Rock and roll first made its way to Chinese audiences as reference materials for the critique of capitalism, before it began to spread among the children of officials and musical families. Memories of early-1990s rock exist only in the communities of expats and elite intellectuals, who forged friendships in the Kempinski Hotel and Song Huaigui’s restaurant, Maxim. At the same time, bootlegged American and European cassette tapes traveled further inland from the coastal regions. Before rock was even officially introduced to China, a substantial supply chain had already formed on the gray market.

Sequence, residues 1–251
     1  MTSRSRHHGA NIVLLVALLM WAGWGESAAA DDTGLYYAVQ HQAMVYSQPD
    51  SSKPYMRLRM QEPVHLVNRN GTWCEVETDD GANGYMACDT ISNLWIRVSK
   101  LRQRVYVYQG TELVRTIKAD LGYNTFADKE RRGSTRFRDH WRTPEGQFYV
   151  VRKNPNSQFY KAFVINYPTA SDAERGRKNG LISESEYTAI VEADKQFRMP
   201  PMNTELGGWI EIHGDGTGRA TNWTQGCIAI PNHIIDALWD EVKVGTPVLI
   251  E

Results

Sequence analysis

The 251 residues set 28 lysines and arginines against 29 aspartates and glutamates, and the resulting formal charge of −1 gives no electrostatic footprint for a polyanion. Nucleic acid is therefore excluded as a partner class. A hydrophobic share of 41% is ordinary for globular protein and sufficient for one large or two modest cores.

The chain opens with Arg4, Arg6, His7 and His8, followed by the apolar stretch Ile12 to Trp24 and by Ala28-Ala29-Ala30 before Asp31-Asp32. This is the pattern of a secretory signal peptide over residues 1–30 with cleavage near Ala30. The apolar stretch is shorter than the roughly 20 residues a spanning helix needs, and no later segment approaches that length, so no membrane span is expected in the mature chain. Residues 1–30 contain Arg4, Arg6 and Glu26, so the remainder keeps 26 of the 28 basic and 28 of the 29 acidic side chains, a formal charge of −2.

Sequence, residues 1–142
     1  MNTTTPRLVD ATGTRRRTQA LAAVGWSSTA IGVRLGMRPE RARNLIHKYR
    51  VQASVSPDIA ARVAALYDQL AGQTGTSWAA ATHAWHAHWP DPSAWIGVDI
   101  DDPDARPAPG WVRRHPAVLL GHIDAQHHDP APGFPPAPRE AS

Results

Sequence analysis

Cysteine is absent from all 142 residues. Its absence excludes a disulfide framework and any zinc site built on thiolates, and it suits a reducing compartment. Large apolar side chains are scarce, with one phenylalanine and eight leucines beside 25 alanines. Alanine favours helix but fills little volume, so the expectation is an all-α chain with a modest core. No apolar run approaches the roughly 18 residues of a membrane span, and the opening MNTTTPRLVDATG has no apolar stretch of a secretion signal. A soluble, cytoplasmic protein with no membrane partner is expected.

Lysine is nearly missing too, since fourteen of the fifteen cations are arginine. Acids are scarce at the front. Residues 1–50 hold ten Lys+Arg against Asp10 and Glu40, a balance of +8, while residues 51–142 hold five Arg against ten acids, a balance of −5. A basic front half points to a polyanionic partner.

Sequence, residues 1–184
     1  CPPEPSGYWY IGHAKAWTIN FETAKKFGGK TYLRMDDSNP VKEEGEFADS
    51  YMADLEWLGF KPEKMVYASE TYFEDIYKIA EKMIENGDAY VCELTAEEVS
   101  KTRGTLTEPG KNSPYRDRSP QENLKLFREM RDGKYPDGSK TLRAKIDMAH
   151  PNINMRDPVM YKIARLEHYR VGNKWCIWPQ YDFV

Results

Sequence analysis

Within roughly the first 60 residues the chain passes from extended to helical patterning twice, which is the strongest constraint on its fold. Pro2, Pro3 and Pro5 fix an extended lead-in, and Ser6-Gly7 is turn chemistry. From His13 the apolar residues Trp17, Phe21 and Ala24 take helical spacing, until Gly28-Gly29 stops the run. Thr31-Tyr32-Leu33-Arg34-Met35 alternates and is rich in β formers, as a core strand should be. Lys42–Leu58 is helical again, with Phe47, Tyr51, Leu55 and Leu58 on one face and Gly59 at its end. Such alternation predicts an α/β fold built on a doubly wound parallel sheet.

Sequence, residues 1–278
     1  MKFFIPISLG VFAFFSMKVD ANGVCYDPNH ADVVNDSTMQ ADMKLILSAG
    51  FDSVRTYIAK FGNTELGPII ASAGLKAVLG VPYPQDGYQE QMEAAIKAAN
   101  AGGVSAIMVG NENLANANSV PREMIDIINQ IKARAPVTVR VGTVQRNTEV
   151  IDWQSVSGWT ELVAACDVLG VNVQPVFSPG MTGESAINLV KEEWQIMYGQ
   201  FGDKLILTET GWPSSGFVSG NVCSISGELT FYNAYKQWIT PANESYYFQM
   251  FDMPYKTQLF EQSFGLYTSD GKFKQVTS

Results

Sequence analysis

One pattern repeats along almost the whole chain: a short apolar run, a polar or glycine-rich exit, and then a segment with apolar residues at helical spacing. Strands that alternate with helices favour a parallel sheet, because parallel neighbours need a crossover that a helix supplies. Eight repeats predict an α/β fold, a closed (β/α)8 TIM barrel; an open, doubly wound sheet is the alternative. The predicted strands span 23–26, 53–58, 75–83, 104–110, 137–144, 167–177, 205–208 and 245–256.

Approaching the turn of the century, artists couldn’t resist using their bodies to rebel against society. Fashionistas in patent leather rushed to the discos, and radical activists to Yuanmingyuan; there was a moment in which art and music could find common ground. In 1992, four students from the Tsinghua Academy of Arts & Design, including Colin Chinnery, who would later become an artist and curator, formed the alternative rock band Acupuncture. They left one song, “Nothing Much,” in the infamous Beijing Rock Compilation. Wang Qiang, from the Central Academy of Fine Arts, formed the important heavy metal band Ghost World. Feng Jiangzhou, Song Yonghong, Yan Lei, and Wang Jinsong, members of the seminal band The Fly, all became accomplished contemporary artists. (Translated by Yvette Zhu)